This may be an important model for understanding the early periods of human settlement in Coxsackie and nearby towns such as Athens and New Baltimore, because when the larger region of eastern New York is considered, there appears to be a correlation between the abundance of the local chert resources, and relatively high frequencies of Early and Middle Archaic sites and projectile point finds.
Curtin Archaeological has performed several cultural resource surveys in this area, most of which have been supported by the Greene County Industrial Development Agency. One of the results of this work has been the identification of numerous Early and Middle Archaic period sites. Unlike many areas of New York State, the high frequency of local sites of this age makes it possible to go beyond noting the simple presence of population during these periods to making some inferences concerning ways of life.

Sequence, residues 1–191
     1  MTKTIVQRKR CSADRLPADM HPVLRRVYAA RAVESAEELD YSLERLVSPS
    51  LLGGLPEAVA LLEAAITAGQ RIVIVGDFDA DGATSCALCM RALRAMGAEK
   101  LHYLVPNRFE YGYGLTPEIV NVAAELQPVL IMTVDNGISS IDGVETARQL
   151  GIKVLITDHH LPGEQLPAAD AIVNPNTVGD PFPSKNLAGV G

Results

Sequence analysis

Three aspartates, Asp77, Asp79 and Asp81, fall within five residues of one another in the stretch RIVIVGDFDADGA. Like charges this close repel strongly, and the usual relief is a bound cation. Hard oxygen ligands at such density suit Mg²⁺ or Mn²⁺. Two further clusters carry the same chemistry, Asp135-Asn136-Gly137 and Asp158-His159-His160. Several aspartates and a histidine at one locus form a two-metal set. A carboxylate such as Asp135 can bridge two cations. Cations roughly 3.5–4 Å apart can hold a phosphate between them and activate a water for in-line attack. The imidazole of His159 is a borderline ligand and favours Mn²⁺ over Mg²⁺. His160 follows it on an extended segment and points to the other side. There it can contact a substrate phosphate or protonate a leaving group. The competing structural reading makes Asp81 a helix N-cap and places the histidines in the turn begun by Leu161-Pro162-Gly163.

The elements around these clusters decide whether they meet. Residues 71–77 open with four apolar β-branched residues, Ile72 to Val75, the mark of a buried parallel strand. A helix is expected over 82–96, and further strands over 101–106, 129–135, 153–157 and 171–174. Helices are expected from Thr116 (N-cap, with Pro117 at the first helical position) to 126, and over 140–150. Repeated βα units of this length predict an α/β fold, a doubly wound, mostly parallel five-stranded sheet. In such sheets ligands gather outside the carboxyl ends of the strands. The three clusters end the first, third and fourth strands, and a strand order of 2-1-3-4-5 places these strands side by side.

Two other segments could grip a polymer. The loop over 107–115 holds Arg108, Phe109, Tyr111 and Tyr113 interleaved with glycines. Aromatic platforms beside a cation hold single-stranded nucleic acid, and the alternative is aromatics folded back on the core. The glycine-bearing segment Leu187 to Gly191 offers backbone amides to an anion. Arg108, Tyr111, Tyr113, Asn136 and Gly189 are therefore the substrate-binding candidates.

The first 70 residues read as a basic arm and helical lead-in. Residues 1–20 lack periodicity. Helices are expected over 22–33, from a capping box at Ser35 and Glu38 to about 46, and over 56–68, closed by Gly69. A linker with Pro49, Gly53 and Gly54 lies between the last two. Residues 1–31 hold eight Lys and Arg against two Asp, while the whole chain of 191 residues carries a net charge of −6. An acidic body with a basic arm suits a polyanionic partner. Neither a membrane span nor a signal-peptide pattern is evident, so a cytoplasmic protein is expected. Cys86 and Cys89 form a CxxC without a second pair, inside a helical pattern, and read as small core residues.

One approximately 200-acre area has been studied most intensively through surface surveys and data recovery excavations. This area, like much of eastern Greene County, is a landscape in which ancient American Indians (going back to the Paleoindians) hunted, gathered, and likely procured materials for making more perishable technology (such as baskets, nets, and rope), performing many of the related tasks out in the woods and fields, away from habitual residences. They left broken, exhausted, lost, and stored stone artifacts in low densities across the landscape, and occasionally camped for shorter or longer periods, leaving small campsites marked by concentrations of stone artifacts as well as artifact manufacturing waste.